tell-all memoir, by Toby Young

A friend gave me the 2001 tell-all memoir How to Lose Friends and Alienate People, by Toby Young, because she found it amusing, and thought her celebrity-conscious friend (blush) might enjoy it too.

I did, and I didn’t. I  somehow wanted to take a shower after reading it – not so much pertaining to the celebrity-worship factor, as to Young’s seedy and “sotted” (he is a drunk) character. He deliberately chose a self-deprecating stance, which actually became grating not ingratiating after a while. I guess because his true stance – he thinks very well of himself – kept surfacing.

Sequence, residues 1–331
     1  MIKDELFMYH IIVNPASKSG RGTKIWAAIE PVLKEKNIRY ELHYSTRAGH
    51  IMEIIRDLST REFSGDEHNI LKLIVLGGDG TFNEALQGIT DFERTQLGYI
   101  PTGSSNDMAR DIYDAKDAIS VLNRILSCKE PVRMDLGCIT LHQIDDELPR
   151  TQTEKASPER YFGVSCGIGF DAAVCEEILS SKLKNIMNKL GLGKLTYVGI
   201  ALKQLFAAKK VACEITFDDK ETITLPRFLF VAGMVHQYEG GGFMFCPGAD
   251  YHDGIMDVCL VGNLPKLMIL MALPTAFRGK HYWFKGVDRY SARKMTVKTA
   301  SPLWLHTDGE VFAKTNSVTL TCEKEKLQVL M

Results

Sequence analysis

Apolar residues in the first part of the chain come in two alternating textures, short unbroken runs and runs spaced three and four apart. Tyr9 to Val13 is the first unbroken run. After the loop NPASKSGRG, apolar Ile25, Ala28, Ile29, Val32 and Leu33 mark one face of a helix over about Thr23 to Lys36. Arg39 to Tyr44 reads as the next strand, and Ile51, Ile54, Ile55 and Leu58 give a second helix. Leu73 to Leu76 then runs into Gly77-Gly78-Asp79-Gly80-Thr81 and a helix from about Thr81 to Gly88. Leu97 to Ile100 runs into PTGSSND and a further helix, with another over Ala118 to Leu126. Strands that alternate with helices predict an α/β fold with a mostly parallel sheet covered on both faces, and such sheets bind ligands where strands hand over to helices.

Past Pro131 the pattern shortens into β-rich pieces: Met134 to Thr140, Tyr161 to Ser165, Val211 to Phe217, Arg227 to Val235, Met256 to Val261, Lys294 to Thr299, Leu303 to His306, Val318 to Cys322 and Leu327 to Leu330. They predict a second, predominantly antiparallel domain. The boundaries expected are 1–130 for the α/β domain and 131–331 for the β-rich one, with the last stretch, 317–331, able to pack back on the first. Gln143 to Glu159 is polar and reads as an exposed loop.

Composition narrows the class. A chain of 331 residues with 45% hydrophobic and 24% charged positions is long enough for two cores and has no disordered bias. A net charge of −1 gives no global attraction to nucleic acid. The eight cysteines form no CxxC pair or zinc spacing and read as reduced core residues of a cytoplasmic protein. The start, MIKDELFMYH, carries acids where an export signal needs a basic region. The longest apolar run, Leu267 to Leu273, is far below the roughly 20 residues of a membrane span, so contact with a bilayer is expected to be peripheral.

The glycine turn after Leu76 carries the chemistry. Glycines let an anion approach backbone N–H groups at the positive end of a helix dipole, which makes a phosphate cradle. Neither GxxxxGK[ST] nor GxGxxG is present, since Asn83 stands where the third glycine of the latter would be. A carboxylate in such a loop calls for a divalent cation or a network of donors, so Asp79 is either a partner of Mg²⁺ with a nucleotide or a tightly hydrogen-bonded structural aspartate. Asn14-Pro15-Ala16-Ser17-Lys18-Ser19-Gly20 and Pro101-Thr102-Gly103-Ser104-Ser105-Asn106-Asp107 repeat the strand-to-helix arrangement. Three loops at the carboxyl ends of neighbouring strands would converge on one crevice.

It was fun to learn more about the magazine scene in New York city, and more about Graydon Carter, the editor of Vanity Fair, one of my favourite if guilty reads. Carter is Canadian born. He makes director James Cameron sound self-effacing and retiring. Whoa, if even half of what Young reports is true, what an ego!

At any rate, my overall feeling about the book is…so what? The “wit” is nasty and the story tawdry. I’ll allow that Young made a pleasant dollar with it, and became a household name in the NY magazine world for a very short while. He’s back in England now, though, having scorned the world he so desperately wanted to shine in – and never truly succeeded in. Perhaps the most interesting parts for me were Young’s observations on the differences between American and British cultures. These were acutely noted and rang true in my experience.

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